Single molecule real time sequencing depends on the zero mode wave guide (ZMW).13 The ZMW is a small structure where a single polymerase molecule is attached to the bottom of the well. It is illuminated in such a way that a florescent molecule can be detected. Each nucleotide is tagged with a fluorescent molecule. As a fluorescently tagged nucleotide is incorporated, a detector identifies the nucleotide. When the next nucleotide is added, the florescent molecule is cleaved.14
Sequencing by synthesis (SBS) uses a unique method to amplify the target DNA such that clusters of unique sequences are generated.15 Single stranded templates are generated and then the complementary strand is synthesized. Each nucleotide is labeled with a fluorescent molecule and after each base addition the fluorescence of the added base is recorded.
Production and Free Access to this article is sponsored by Qiagen.
Authors Ahmed, Durocher, Jessen and Vardi are employees of Qiagen Inc. that produces reagents and instruments used in this article.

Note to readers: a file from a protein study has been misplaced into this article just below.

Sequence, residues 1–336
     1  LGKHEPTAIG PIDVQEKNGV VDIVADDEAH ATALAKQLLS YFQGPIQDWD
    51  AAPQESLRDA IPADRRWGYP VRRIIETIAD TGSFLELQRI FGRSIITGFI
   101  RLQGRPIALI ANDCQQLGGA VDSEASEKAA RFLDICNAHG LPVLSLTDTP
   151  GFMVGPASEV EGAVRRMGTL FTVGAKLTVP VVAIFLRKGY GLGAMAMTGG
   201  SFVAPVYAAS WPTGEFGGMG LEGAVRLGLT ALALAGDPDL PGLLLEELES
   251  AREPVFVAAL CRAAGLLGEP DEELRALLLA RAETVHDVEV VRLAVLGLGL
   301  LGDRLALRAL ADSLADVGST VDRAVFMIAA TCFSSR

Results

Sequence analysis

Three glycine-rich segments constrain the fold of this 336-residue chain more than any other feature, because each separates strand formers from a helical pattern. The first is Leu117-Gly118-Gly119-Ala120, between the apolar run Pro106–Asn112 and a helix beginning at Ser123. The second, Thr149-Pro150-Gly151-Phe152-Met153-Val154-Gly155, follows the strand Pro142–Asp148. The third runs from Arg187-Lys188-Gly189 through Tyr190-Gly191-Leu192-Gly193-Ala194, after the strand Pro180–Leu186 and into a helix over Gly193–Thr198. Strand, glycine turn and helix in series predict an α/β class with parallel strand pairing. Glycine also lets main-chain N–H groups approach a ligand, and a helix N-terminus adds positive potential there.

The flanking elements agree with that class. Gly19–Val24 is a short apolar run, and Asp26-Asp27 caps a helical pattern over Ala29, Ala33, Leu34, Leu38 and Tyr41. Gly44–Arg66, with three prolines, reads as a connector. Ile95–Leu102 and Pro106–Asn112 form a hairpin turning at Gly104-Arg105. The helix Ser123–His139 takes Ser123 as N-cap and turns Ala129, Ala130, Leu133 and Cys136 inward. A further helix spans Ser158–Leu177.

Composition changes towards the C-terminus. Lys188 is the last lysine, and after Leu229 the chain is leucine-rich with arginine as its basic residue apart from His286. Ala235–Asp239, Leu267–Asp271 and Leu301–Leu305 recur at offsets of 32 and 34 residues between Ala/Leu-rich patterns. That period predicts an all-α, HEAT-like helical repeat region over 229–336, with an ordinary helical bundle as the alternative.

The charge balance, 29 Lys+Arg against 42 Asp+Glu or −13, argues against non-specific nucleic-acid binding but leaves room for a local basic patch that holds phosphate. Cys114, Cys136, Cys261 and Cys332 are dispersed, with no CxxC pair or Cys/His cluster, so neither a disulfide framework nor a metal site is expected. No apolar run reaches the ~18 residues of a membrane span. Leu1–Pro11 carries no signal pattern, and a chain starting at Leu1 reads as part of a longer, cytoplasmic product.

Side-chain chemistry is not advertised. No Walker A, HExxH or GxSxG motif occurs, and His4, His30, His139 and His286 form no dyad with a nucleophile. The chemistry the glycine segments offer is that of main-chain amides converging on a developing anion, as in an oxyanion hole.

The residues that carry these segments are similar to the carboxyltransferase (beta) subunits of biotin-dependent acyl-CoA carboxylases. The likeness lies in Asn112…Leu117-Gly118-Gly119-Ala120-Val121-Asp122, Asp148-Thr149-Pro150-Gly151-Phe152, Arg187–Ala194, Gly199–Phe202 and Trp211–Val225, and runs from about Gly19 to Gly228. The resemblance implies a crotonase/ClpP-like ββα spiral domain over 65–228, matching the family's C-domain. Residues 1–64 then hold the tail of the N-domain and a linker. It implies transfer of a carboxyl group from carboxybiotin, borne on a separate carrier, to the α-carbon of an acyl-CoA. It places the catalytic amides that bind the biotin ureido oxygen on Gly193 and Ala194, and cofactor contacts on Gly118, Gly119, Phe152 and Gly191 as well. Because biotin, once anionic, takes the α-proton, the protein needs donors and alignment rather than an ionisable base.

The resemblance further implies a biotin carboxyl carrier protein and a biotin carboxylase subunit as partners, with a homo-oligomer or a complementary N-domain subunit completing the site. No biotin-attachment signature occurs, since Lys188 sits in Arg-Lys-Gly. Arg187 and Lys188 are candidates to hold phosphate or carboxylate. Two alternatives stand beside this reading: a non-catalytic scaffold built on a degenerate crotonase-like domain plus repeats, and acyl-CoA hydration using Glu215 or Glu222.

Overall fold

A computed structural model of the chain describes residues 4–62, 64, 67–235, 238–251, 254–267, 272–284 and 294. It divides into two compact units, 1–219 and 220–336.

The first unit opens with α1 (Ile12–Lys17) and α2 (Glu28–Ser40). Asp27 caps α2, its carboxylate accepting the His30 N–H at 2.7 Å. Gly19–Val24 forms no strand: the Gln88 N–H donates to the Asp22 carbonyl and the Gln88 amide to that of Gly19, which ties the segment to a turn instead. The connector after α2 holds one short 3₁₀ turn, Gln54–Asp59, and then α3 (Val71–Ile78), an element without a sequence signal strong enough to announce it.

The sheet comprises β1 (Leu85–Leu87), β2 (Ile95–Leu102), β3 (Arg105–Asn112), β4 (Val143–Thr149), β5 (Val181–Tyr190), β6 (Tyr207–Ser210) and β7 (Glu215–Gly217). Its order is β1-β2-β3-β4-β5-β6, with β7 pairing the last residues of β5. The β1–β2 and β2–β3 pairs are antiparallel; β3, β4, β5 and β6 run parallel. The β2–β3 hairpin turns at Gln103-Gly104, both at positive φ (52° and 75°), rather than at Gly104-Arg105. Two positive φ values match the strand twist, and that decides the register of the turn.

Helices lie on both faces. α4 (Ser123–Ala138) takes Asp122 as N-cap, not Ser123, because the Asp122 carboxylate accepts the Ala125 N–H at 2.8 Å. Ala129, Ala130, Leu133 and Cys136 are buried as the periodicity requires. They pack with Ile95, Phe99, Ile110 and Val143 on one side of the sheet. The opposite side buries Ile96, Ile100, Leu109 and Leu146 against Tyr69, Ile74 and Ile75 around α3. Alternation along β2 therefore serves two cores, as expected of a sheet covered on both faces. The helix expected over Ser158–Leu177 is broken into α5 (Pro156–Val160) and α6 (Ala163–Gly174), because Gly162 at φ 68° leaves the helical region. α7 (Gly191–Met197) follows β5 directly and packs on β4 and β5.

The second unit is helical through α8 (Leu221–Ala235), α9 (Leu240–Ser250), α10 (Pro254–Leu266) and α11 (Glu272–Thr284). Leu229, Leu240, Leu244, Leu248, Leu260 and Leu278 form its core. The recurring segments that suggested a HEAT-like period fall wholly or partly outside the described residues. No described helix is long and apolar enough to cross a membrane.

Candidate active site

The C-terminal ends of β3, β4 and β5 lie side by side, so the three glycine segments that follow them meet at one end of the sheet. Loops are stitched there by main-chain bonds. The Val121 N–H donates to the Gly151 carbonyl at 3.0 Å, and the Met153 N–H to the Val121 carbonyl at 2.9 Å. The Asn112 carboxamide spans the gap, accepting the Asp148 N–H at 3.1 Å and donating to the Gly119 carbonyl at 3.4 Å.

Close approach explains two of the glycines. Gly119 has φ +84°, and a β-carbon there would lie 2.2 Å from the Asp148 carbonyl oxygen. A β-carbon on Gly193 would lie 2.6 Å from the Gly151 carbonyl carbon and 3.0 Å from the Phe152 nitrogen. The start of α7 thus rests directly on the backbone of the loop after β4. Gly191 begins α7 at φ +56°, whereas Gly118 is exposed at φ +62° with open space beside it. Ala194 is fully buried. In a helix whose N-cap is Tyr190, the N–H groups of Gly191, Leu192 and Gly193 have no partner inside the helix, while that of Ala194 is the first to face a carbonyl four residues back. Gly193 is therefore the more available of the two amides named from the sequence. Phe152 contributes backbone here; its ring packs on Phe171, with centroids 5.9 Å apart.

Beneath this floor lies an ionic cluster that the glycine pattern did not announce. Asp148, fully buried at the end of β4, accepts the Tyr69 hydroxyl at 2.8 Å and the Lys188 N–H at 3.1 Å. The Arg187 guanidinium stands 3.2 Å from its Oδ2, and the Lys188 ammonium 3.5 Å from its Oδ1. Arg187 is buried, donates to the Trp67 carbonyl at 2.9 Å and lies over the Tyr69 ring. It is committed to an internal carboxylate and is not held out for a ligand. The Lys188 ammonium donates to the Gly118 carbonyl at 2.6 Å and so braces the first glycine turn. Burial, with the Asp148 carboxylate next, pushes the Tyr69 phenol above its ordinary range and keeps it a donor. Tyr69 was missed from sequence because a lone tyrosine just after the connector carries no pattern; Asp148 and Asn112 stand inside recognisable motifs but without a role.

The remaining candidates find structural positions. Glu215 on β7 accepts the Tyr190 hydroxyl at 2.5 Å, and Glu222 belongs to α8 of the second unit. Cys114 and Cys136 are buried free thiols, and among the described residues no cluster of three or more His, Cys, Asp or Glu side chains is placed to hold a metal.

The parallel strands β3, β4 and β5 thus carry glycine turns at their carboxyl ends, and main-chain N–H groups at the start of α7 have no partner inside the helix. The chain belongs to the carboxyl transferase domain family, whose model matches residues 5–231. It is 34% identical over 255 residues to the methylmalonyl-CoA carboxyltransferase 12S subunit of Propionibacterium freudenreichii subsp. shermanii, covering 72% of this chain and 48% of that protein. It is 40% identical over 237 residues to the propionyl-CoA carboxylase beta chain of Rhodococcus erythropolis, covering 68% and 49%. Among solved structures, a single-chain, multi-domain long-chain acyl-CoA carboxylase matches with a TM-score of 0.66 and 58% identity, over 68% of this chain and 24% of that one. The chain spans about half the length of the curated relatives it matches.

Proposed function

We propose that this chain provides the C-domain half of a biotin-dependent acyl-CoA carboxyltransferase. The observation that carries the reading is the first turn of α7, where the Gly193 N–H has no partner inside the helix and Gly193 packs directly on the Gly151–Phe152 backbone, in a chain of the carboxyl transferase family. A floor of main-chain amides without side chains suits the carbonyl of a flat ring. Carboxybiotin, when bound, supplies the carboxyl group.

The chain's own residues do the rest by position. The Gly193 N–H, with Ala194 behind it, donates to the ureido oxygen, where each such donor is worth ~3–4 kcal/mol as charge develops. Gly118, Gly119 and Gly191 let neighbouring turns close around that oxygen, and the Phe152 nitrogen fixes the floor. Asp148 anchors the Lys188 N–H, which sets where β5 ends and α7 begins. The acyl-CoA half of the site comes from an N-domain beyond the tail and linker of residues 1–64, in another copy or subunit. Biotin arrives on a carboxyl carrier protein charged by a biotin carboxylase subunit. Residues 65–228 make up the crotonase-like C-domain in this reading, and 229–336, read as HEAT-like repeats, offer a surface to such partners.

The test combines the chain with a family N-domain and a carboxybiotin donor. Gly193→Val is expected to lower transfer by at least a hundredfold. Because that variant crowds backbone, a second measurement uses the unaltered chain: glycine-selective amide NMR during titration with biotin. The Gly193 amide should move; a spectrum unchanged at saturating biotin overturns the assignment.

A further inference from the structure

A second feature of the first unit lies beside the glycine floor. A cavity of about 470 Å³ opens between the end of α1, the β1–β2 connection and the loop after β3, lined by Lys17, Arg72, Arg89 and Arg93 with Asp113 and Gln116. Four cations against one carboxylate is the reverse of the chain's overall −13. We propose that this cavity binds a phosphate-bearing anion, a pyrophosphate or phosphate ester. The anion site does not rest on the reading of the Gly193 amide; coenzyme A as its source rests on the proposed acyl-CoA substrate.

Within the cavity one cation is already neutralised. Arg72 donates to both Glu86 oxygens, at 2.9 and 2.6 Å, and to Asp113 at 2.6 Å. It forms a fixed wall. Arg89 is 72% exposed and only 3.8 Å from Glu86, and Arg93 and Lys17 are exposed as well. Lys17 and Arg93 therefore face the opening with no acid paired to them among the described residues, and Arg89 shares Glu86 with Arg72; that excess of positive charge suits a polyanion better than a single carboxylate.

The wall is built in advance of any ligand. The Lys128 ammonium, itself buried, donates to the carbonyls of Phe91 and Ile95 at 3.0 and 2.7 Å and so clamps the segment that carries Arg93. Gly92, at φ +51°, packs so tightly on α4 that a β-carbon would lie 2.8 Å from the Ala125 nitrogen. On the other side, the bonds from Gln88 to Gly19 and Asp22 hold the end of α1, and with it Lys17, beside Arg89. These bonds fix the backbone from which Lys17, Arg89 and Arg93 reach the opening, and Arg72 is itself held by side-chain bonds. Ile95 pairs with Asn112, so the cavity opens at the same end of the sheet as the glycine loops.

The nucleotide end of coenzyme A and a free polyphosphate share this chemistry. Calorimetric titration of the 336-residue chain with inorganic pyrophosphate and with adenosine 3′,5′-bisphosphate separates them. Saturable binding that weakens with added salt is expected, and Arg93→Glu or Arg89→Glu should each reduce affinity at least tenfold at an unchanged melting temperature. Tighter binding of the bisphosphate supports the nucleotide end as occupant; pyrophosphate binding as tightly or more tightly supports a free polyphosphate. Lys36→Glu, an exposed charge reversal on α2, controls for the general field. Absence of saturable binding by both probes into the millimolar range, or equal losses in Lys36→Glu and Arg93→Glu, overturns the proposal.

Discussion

This project was support in part by Johns Hopkins University, Office of the Provost through the Gateway Science Initiative and Qiagen Inc.
|Name of Reagent/Material
|PyroMark PCR Master Mix, 2x
|CoralLoad Concentrate, 10x
|MgCl2, 25 mM
|978776 or 978777
|Primers should be purchased from an established oligonucleotide manufacturer (i.e. QIAGEN Pyromark Custom Assays, IDT, etc). Lyophilized primers should be dissolved in TE to provide a stock solution of 100 μM.
|Pyromark Gold Q24 Reagents
|High-purity water (Milli-Q 18.2 MΩ x cm or equivalent)
|Streptavidin Sepharose High Performance Beads
|PyroMark Annealing Buffer
|PyroMark Denaturation Solution
|PyroMark Wash Buffer
|PyroMark Q24 Cartridge
|PyroMark Q96 HS Tip Holder Box
|PyroMark Q24 Vacuum Workstation
|PyroMark Q24 Plate Holder